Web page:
Histories of ‘searching’

It would seem that the history of archaeology spans back toward the very edges of civilization itself with the earliest recorded digs being those of Nabonidus, the last native King of Babylon (reigned 555-539BC). However, in assuming a more scientific focus, “the first scientific excavation in the history of archaeology” (cited Renfrew and Bahn 2012:23) traditionally goes to Thomas Jefferson (1743-1826). During Jefferson’s time there was a great deal of speculation by the people regarding the hundreds of unexplained mounds east of the Mississippi and it is his work with one of these mounds that provides him with the credit of being ‘The Father of American Archaeology’.

Jefferson’s work, in perhaps any one of three respects, is frequently cited as being ahead of its time. First, and by no means least, was that he was simply one of the first people on the American continent to excavate at all. But secondly that, the excavations he performed were carried out with such precision and care that they provided him with the means to clearly observe and detail the stratigraphy of his trench. Although common practice today it should be noted that paying attention to the stratigraphy didn’t become common practice until about the 1930’s. Thirdly, and argumentatively most importantly, Jefferson was seeking to discover answers to questions that he had posed. Jefferson, according to Renfrew and Bahn (2012:23) “adopted what today we should call a scientific approach [or method], that is, he tested his ideas about the mounds against hard evidence – by excavating one of them”.

What I would like to draw attention to as being particularly noteworthy in this is his method and his documentation of the process. While writing his ‘Notes on the State of Virginia’, completed in 1781, he penned that his approach in supervising the methodical and analytical excavation of a Native American burial mound, located on his land in Virginia, was to elected to remove a wedge from the mound, carefully removing artifacts intact, rather than adopting the commonly accepted excavation method, in which an individual or team of individuals commenced working from the top and digging down. Inside the mound he discovered in excess of a thousand skeletons in various locations of the stone, soil, and bones matrix. He proposed that it must have been a communal burial mound for generations of Piedmont Indians (Anderle, 2013), a notion that he then carried to other mounds in the area.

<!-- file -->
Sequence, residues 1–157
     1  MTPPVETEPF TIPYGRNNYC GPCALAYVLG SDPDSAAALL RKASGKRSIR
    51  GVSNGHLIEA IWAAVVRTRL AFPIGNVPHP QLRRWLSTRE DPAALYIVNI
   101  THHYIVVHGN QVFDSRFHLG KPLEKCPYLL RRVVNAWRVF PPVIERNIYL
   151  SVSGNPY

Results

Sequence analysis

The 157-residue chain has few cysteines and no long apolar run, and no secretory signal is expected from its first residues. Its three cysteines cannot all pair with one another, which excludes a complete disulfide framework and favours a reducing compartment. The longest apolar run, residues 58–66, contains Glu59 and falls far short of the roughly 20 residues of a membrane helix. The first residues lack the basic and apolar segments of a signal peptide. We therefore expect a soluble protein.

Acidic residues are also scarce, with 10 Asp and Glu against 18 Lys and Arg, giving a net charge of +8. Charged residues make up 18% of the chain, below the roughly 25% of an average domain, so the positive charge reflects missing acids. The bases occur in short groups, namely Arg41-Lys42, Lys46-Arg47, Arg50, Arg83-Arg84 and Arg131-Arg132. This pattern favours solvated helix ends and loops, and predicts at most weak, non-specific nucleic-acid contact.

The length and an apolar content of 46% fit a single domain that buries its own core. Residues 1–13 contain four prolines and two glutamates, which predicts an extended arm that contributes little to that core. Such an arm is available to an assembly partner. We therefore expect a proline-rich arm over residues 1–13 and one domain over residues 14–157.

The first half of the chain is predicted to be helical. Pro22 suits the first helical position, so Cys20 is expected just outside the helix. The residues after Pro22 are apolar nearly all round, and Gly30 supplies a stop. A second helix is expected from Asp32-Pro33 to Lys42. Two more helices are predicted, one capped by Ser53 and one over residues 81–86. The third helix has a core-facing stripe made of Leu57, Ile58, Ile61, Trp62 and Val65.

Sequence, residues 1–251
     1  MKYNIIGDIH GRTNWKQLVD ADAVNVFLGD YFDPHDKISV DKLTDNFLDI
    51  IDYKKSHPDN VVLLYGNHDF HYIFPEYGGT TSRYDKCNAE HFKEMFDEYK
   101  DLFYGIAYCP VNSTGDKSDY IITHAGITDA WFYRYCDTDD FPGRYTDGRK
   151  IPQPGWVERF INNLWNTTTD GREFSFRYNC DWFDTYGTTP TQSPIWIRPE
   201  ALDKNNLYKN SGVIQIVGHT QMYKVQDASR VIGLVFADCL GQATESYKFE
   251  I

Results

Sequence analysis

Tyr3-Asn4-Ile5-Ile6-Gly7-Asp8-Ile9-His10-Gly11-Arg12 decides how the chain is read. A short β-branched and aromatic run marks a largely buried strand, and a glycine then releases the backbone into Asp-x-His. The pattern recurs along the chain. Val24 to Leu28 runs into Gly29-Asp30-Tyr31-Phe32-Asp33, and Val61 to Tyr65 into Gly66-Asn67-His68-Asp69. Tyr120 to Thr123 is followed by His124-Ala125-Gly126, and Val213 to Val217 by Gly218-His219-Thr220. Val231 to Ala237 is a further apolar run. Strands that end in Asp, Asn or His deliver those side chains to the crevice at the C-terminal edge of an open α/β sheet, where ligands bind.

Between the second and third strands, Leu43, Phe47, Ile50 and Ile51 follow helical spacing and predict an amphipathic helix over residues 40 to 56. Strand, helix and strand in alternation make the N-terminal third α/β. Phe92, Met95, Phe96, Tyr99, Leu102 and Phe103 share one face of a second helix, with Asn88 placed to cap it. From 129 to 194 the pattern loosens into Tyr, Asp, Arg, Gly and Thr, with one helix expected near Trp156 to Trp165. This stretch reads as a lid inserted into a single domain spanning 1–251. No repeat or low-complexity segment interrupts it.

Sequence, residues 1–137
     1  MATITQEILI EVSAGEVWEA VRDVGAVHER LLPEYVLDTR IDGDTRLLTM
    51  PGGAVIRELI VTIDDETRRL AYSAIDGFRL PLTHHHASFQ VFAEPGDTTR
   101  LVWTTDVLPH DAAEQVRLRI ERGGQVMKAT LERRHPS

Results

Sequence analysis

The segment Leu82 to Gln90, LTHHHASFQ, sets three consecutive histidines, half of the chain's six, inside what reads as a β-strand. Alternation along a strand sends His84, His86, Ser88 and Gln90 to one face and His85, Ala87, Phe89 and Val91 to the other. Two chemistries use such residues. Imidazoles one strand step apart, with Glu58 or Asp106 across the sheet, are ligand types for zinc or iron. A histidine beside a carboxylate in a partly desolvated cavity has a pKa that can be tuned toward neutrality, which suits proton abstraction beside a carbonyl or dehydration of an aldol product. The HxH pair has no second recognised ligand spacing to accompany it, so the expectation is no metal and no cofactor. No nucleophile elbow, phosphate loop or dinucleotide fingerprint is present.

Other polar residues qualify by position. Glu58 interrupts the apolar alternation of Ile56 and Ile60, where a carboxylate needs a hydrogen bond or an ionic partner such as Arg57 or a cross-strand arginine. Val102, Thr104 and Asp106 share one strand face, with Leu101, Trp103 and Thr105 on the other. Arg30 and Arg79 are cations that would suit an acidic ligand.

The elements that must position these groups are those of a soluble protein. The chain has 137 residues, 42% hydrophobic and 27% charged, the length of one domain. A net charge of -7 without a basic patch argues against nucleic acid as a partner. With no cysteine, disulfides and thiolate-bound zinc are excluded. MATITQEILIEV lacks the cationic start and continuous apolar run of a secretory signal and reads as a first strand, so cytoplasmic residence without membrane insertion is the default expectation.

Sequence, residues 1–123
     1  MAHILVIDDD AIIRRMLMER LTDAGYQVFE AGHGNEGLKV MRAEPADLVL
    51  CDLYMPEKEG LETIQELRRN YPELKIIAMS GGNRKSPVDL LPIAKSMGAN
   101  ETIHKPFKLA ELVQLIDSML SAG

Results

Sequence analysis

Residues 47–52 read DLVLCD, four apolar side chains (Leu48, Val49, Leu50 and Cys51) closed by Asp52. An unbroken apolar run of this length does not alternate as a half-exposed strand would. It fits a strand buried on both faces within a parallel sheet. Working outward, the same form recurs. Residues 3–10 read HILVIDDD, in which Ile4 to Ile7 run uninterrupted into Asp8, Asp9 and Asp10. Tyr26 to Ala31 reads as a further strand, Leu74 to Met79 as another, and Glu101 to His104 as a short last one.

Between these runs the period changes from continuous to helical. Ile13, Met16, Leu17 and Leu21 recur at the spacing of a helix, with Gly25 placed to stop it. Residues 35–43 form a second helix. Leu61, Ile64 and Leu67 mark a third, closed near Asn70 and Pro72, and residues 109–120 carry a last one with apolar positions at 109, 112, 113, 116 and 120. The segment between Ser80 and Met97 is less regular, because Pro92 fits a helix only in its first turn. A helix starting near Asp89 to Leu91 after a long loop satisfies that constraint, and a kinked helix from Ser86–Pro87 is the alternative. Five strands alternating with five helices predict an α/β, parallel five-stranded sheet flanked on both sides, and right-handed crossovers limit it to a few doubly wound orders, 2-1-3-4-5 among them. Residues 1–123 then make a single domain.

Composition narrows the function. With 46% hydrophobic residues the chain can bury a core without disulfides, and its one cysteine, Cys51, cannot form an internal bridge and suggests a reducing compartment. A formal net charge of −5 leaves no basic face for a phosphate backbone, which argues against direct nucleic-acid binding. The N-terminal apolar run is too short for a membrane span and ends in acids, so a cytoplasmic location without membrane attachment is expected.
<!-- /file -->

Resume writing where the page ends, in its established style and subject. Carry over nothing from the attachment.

The fact that this mound was located on his own private land, for which the law of the day would have provided him with the right to excavate and keep all finds, meant that Jefferson wasn’t simply interested in gathering artifacts. What he desired was to learn and understand whatever he could about the people who inhabited this land, his land, before him. He pursued this through the only means at his disposal, through the things which they left behind with their burials.

In his desire to attain this, Jefferson’s archaeological dig was the first documented use the method of stratification, a fundamental principle of modern archaeological theory and practice, through which the way layers of earth and artifacts relate to one another are studied. Conceptually stratification is derived from the idea that all occurrences of sedimentation exist according to uniform principles. With subterranean archaeological finds, the contextual identification of each find, no matter how small, is a vital piece in the puzzle that enables the archaeologist to draw conclusions pertaining to both, the site, and the nature and date of its occupation. Jefferson did not callously dig down into the mound like a child in the hope of “finding something”; nor as a looter with the intent on making a profit, he carefully cut, and removed, a segment of the mound which enabled him to clearly examine the stratigraphy. “His sound approach – logical deduction from carefully excavated evidence, in many ways the basis of modern archaeology – was not taken up by his [contemporaries or his] immediate successors in North America” (Renfrew and Bahn 2012:23), who generally continued to destroy priceless archaeological material by blindly hacking at the deposited remains of ancient settlements. But when they did, the methodology employed by Jefferson during this excavation provided a standard for archaeological inquiry that would endure through the academic rigors of the following century.



Anderle, B. 2013, ‘Thomas Jefferson’s Bones’, Suite 101, [Online] Accessed: 20 June 2013


Jefferson, T. 1781, ‘Notes on the State of Virginia’, Electronic Text Center, University of Virginia Library, [Online] Accessed: 20 June 2013,


Renfrew, C & Bahn, P. 2012, ‘Archaeology: Theoies, Methods and Practice’,6th Edn. Thames & Hudson, London, UK.



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